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Symposium - Supporting Canada's Energy Transition - Bridging the Gap between Fundamental Research, Industry and Policy

Conference Day: 
Day 3 - November 9th 2018
Takeaways and recommendations: 

Symposium: Supporting Canada’s Energy Transition – Bridging the Gap between Fundamental Research, Industry, and Policy

Organized by: Queen's University

Speakers: Carolyn DeLoyde, Ph.D Candidate, Geography and Planning, Queen's University; Michael Fraser, Vice-Principal (University Relations), Queen’s University; Monica Gattinger, Director, Institute for Science, Society and Policy; Praveen Jain, Professor, Canada Research Chair, Electrical and Computer Engineering, Queen’s University; Warren Mabee, Head and Professor, Department of Geography and Planning Queen’s University; Trevor Nightingale, Principal Research Officer for the Construction Research Centre, National Research Council; Ron Oberth, President, Organization of Canadian Nuclear Industries; Laura Oleson, Director General of Energy Policy, Natural Resources Canada; Joy Romero, Vice President Technology & Innovation, Canadian Natural Resources Limited; Kimberly Woodhouse, Vice-Principal (Research), Queen’s University

Takeaways and recommendations

  • Energy now occupies the nexus of economic and environmental priorities, a position very different from a generation ago when energy issues were not regarded as being directly linked with either the economy or the environment.

  • In 2017, Natural Resources Canada undertook Generation Energy, a national dialogue intended to glean the views of people from across the country on the best way of dealing with climate change, economic sustainability, and the affordability of energy.

  • Some 380,000 people contributed to Generation Energy, which identified four of the most desirable pathways forward: reducing energy waste; switching to clean energy; using more renewable energy; producing cleaner oil and gas.

  • There is no shortage of policy strategies for making sound energy decisions — the real gap lies in building public confidence to support these initiatives.

Changing perceptions of energy

  • The structure and mandate of longstanding institutions that were set up to frame policy, such as the National Energy Board, have been overshadowed by sweeping social and technological changes that have given Canadians a very different set of priorities, such as climate change or Indigenous reconciliation.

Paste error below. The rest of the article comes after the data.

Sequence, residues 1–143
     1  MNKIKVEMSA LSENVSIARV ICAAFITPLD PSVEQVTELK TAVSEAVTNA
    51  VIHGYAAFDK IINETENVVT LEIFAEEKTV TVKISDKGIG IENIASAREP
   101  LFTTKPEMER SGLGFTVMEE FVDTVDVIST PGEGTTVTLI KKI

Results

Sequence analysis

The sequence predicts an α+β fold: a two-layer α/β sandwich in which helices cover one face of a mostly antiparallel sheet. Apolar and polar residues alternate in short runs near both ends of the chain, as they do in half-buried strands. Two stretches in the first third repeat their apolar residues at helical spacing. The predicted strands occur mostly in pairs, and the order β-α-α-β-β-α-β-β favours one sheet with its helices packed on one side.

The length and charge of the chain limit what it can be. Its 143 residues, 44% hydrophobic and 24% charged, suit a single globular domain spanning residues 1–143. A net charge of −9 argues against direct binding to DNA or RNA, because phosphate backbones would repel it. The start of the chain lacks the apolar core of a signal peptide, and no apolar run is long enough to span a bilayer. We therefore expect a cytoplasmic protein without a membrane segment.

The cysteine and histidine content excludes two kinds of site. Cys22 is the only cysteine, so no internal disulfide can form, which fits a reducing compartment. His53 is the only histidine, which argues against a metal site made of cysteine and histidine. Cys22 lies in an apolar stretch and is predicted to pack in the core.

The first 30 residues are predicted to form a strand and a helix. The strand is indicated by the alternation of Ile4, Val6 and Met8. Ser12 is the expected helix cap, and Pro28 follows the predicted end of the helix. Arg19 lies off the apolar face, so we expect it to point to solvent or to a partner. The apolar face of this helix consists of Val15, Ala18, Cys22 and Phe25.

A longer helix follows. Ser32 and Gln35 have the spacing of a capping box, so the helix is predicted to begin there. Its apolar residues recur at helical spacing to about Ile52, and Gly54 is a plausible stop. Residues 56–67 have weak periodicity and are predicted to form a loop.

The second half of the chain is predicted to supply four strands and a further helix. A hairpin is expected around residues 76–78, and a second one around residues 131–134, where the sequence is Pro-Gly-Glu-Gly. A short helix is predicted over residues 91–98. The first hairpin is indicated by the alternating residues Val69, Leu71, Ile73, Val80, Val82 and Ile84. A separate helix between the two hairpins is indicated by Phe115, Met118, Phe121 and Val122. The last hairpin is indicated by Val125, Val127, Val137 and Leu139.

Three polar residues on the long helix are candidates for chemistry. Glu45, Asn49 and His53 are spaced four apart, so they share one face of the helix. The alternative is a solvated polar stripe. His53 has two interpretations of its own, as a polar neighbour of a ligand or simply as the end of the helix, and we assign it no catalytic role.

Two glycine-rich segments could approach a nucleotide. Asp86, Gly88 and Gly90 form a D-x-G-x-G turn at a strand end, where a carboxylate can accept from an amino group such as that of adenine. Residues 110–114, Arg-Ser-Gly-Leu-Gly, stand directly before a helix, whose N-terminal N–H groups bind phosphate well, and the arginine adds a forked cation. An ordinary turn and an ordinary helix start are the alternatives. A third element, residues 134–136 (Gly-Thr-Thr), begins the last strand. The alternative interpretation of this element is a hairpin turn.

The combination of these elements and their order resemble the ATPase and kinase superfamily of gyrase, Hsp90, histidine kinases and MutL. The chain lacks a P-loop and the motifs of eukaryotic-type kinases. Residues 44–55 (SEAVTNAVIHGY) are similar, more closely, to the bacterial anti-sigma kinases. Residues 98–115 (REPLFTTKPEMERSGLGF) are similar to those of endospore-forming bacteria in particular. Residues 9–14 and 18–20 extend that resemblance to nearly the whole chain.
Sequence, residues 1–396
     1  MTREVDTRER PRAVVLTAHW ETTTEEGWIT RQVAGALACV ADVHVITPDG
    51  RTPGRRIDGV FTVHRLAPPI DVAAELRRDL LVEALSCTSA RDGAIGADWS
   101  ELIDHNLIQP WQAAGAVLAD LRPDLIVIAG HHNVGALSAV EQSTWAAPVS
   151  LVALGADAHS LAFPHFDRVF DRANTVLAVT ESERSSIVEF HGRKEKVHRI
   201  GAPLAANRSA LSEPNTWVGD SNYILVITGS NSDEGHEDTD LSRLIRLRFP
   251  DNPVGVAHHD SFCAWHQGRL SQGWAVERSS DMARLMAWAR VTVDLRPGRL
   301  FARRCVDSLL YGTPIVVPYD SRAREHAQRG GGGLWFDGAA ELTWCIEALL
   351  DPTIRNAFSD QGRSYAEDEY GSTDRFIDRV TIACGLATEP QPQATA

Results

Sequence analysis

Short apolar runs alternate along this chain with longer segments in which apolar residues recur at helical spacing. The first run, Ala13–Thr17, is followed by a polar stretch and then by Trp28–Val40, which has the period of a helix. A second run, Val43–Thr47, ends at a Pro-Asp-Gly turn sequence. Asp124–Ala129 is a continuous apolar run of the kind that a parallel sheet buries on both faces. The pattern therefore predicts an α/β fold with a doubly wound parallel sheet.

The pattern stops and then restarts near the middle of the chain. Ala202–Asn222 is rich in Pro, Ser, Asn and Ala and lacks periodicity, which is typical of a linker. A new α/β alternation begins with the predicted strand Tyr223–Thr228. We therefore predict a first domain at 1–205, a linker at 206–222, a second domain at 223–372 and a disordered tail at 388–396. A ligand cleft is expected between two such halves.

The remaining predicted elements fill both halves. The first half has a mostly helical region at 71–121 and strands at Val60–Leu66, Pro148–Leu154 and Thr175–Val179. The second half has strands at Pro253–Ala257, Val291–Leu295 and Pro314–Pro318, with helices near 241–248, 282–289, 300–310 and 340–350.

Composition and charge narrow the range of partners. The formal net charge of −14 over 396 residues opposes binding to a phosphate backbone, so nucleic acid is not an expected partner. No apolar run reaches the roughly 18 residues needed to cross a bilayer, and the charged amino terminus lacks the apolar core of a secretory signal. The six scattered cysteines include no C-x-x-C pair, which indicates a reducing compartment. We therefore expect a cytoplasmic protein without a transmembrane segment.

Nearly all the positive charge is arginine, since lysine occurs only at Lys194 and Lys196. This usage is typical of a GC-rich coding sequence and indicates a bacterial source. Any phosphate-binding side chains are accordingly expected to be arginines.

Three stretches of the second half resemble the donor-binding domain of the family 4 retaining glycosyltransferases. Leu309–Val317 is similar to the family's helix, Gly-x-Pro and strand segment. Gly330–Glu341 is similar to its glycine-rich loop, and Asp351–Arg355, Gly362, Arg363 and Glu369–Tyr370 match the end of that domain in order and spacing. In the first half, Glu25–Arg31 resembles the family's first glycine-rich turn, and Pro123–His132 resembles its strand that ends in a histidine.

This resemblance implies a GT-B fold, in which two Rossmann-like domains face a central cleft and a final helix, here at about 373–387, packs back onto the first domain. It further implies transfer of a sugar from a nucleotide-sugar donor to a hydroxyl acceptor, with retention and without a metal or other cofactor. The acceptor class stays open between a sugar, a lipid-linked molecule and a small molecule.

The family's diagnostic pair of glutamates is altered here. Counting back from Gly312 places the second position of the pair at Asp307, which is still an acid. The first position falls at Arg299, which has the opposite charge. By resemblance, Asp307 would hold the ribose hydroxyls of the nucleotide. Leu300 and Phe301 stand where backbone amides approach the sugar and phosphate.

• People responsible for policy and regulation, whose own mandates are governed by these same institutions, find themselves targeted by highly public critiques of how Canada is approaching the energy sector.

  • The language used to discuss energy topics has evolved considerably, along with more potential for confusion. Advocates for low-carbon fuels may refer to low-emission fuels instead, which call for entirely separate strategies and possibly different types of fuels. Similarly, advocates employ “clean” to refer to a variety of different products or methods, which might respectively be less polluting, create fewer carbon emissions, or use more benign feedstocks, but no one on its own will achieve all of these goals.

  • The energy industry has worked hard to make great strides, such as bringing the cost of oil produced from oil sands below that produced by fracking, while still observing ever more restrictive limits on carbon emissions.

  • Such progress frequently goes unreported, even within industrial circles; Norway was going to divest its holdings in Canadian Natural Resources Limited in objection to the company’s use of oil sands, but after a detailed explanation of the firm’s environmental impact, the Norwegians increased their investment.

Building confidence

  • The concept of energy varies across the provinces, from oil and gas in the west to hydroelectricity in the east. A common national vision of energy must become an integral part of any accepted policy.

  • A Generation Energy poll found that fully half of Canadians thought the country had a poor vision for the energy sector and for improving how Canadians obtain and use energy.

  • Claims of progress from the energy industry have little credibility for many Canadians, who want to see such information verified by credible third parties.

  • Canada’s oil and gas sector has been a leading source of new clean technologies, but Canadians are renowned for their lack of pride in domestically developed industries. Government policy should be aimed at highlighting these gains as part of its high-profile effort to create a “national brand”.

  • Such a brand must be based firmly on scientific foundations, ensuring credibility that goes far beyond a typical advertising pitch. It must be accompanied by efforts to increase public literacy of these technical matters, so that the science is understood and accepted by Canadians.

  • An energy policy that builds confidence will lead the transition to new energy platforms, provide Canadians with the ability to embrace those platforms, and secure the resulting changes in the form of standards or regulations.